MALAYBALAY CITY (MindaNews/29 June) – Bukidnon’s new governor has underscored his support to environmental protection by pledging to increase the allocation for the Mt. Kitanglad and Mt. Kalatungan natural parks from P1 million to P2-3 million each. At the same time, however, he said he favors the construction of the Pulangi V hydropower dam in southern Bukidnon as well as small-scale mining operations.
Calingasan ignored criticisms to the dam project, saying the economic benefits far outweigh the impending displacement of Lumad communities.
“It (displacement) is being addressed. It can be talked about,” he said.
He added the new hydroelectric power facility will bring cheaper power and attract investors to Bukidnon.
As long as the project goes through democratic consultations it should be pursued, he told MindaNews after talking to executives from Bukindon’s two electric cooperatives.
Calingasan also said he will review the provincial government’s policy promoting small-scale mining.
“I am still agreeable to small-scale mining, on certain conditions,” he said.
He noted that most of the mining exploration proposals are pushed by the Lumad communities themselves.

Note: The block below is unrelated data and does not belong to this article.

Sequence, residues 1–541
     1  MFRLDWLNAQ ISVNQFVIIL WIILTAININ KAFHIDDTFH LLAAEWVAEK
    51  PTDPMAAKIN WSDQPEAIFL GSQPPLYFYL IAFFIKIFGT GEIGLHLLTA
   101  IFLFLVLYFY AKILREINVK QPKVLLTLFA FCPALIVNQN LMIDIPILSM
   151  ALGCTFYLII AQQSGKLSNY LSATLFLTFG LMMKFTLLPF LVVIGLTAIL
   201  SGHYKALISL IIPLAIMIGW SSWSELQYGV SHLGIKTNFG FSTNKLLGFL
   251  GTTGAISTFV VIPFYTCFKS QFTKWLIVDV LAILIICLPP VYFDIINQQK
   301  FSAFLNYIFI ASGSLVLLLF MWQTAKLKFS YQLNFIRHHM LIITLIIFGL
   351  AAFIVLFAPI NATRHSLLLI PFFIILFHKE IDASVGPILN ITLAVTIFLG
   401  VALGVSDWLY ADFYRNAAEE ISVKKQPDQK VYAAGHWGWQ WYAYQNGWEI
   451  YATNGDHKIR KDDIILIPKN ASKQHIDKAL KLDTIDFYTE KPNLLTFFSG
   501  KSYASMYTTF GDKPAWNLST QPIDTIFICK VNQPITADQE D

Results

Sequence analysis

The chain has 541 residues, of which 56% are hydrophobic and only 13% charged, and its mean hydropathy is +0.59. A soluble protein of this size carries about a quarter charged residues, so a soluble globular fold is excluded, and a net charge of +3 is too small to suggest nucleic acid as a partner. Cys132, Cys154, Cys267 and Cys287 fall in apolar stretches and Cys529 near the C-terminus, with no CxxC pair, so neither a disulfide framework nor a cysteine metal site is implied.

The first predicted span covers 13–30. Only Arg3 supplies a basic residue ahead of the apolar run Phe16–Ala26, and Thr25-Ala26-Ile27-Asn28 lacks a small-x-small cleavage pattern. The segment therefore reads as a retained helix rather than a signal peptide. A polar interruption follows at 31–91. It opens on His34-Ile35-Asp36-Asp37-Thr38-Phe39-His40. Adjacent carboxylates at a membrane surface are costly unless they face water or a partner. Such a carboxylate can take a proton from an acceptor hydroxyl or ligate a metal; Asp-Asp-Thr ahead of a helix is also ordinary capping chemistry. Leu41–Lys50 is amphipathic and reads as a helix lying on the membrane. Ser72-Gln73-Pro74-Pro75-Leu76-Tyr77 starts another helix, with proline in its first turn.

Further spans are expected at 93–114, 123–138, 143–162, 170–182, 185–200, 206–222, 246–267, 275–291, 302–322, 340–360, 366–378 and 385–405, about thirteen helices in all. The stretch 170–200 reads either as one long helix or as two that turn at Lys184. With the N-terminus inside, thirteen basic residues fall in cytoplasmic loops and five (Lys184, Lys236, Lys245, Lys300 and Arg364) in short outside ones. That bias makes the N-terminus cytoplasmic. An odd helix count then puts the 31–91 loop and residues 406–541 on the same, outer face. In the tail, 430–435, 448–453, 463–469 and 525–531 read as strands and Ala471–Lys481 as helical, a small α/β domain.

“We will have to assess if this really benefits them as a whole or just the few dealers,” he said.
But Calingasan refused to issue a statement on the proposed moratorium on the expansion of banana plantations. He said he will leave it to the municipal and city mayors to decide.
“They too are empowered to decide on this and they too know that the people need to balance between food security (and export crops),” he said, adding he would make environmental conservation and protection a leverage for provincial government support to local governments.
He said he will continue outgoing Gov. Jose Ma. Zubiri’s program to provide Bukidnon’s 464 barangays with funding support for road projects but only if they commit to turn their landscape into green.
But when reminded of the violations done by companies in Bukidnon against the terms of their environmental compliance certificates, Calingasan said: “As to the environmental concerns, that is where the people will come in. They will have to be vigilant,” he said.
In public functions shortly before assuming his new post, Calingasan also said he will fine-tune his predecessor’s programs and projects.
In his one-hour inaugural speech yesterday, he said his priorities in his first 100 days include streamlining the “over-staffed” provincial government workforce, noting that with its 2,323 workers it is employing more people than the big firms in the province.
The Capitol has at least 1,000 casual employees.
Calingasan said he has instructed the Human Resource and Personnel Office chief to evaluate the performance and tenure of the employees as basis for retention or termination.
The new governor also outlined his programs for agriculture and real property tax collection. He said he will assign more work to the Provincial Agriculture Office, which he said was sidelined in the past administration.
The Kaamulan Festival did not escape Calingasan’s attention. He promised to review the holding of the annual fanfare which critics said has become too commercialized and an affront to Bukidnon’s cultural heritage.
(Walter I. Balane/MindaNews)